Adam shows a character of self-sacrifice that is only seen in heroes or heroines. Despite the consequences stated by God for eating the fruit from the forbidden tree, he decides to take the fall with his wife like a hero would do. Adam is more of a romantic hero for he goes against the norms and conventions that normally the society would take.

Dr. Faustus after gaining the academic prowess becomes well known even though he is from a poor background. However, he stretches his luck and seeks power beyond the human capabilities.

He uses magical powers and even signs a contract with the Lucifer who gives him power to do anything he wishes. To help him, Lucifer enlists his messenger Mephistophilis to help Dr. Faustus. As part of the deal, Lucifer condemns Faustus to hell. After a while Faustus realizes that he is damned and that his soul cannot be saved and even tells other scholars of his predicament.

Inwardly Faustus yearns for salvation. He heroically wins the battle at the end of this play by Christopher Marlowe. With his soul deeply entrenched doing evil, Faustus finally wins the battle for salvation. Such courage and determination to face Lucifer and free one’s self from his bondages are only traced in heroes. Dr. Faustus engages in an epic war to free himself from the Lucifer, a war he fights against opponents with extraordinary powers but he later overcomes Lucifer.

Early English Literature is awash with various heroes both in novels, plays and poems. There are those characters that have stood for what they believe in, like Prince Oroonoko. Like Oroonoko, Lanval, a knight in King Arthur’s, was mistreated and even accused of treason by Queen Guinevere for turning down her sexual overtures.

However, he heroically stood his ground and was later rescued by the beautiful fairy mistress whom he loved (De France 40 – 76). Lanval’s heroism as depicted by Marie de France in her poem, Lais of Marie de France, can be paralleled to that Oroonoko.

Moreover, though Dr. Faustus, Adam and Eve brought much of their woes to themselves, the effort they put to redeem themselves are heroic. Their courage, determination and self-sacrifice can be compared to the character Beowulf, the Geats hero as depicted in the poem that goes by the same name.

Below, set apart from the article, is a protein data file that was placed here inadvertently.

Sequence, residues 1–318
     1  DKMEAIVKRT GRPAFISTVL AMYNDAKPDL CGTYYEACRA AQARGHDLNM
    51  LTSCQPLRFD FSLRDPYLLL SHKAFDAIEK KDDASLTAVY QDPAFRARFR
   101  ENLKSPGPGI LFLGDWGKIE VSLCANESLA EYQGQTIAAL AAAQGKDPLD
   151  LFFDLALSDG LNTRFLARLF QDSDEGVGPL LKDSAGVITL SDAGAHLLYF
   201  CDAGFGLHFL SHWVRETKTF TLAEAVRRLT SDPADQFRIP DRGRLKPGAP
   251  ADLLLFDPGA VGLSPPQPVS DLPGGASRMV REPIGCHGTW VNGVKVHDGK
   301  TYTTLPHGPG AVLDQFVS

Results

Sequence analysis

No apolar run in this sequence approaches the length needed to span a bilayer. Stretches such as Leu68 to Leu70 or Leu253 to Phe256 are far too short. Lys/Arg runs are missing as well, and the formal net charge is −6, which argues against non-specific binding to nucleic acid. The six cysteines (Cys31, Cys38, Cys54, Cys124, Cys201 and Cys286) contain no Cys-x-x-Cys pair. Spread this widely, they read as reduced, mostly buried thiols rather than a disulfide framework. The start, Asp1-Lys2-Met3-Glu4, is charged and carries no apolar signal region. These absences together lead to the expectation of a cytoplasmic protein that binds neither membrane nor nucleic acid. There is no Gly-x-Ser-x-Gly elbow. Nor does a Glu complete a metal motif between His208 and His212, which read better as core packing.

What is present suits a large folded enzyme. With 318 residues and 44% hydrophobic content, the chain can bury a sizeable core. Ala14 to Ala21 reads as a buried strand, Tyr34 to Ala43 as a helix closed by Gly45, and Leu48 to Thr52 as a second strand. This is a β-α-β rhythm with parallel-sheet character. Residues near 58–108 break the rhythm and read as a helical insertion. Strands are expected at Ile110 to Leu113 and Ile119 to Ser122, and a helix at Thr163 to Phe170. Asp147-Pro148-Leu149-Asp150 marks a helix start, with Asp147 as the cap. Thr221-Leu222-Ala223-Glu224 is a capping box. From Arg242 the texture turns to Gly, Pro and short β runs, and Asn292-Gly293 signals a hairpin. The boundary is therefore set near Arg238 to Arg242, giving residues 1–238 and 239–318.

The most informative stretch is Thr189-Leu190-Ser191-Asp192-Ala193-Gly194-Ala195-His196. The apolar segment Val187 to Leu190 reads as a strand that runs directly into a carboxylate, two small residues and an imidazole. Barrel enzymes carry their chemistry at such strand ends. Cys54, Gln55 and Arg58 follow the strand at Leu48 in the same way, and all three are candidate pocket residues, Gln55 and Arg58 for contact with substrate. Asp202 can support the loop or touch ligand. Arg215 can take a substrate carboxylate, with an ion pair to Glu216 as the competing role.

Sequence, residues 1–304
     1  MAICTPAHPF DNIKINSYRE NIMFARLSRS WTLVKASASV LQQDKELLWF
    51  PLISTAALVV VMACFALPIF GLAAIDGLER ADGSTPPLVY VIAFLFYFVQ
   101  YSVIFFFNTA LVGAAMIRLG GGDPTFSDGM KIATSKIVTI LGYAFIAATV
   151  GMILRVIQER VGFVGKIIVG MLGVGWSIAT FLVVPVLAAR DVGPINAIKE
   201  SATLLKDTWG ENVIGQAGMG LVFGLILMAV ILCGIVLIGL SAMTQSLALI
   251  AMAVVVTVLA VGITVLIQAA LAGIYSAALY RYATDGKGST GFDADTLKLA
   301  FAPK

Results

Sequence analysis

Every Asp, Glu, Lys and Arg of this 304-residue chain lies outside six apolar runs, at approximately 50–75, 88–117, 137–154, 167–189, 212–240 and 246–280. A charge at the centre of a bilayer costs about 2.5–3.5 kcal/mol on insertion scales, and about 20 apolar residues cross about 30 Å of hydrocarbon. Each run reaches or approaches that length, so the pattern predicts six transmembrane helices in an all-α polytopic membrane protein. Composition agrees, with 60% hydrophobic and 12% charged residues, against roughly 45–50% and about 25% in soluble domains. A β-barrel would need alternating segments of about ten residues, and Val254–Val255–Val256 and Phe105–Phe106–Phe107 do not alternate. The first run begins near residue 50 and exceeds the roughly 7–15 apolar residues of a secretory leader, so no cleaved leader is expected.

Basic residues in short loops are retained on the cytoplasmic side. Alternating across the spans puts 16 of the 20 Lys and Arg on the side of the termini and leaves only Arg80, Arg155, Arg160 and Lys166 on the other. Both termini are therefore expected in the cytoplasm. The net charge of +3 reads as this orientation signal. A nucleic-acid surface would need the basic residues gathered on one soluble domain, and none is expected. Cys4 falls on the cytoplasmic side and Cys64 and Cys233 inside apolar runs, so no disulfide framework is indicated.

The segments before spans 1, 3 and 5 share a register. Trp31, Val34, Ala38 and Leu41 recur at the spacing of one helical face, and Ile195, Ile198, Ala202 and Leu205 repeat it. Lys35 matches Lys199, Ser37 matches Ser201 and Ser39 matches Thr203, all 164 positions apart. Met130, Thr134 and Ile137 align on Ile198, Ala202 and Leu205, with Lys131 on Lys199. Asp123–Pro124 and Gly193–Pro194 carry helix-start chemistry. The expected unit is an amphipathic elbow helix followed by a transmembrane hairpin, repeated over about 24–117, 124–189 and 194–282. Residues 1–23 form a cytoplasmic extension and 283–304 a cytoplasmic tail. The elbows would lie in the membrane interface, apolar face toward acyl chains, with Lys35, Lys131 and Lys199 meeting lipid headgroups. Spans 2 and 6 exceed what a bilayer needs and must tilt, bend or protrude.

The courage is only seen in heroes that made Adam to stand by his wife and support after eating the forbidden fruit. Moreover, the temptations, trials and eventual heroic triumph of the young Sir Gawain can be paralleled to that of Oroonoko or Dr. Faustus considering the enormous size of the enemy they were facing. Judith’s heroism in slaying Holofernes with bravery saves her people, the Bethulian and Israelites, (Smyth 164 – 200) it is similar to that of Oroonoko when he heroically slew the governor.

Though many people would contend the heroism in some deeds, it is important to note classification of a person’s deeds or character as either heroic or not. What one society may consider barbaric, another may find heroic, as such labels are determined by the society’s cultural believes. Thus, before considering actions to be heroic or not, it is important for us to understand the society in which people come from.

We should understand the criteria they use in labelling persons and deeds since heroism reflects the ideals of the community or country. In most cases the hero usually fights to protect the ideals of his or her society or against the societal limitations and parameters that may malign him or her. This is seen in the case of Prince Oroonoko who fights against the norms and conventions that aim at maligning slaves. Thus, heroism lies in the eyes of the beholder and takes many forms.

Works Cited

Behn, A., Gallagher, C., and Stern, S. Oroonoko, or, The royal slave. Bedford, Boston: Bedford/St. Martin’s, 2000. Print.

Black, J. Paradise Lost: The Broadview Anthology of British Literature. Peterborough, Ontario: Broadview Press, 2007. Print.

De France, Marie. Lays of Marie De France and Others. Trans. Eugene Mason. London: Everyman’s Library, 1966. Print.

Smyth, Mary. “The Numbers in the Manuscript of the Old English Judith”. Modern Language Notes, 20.7 (1905): 164–200. Print.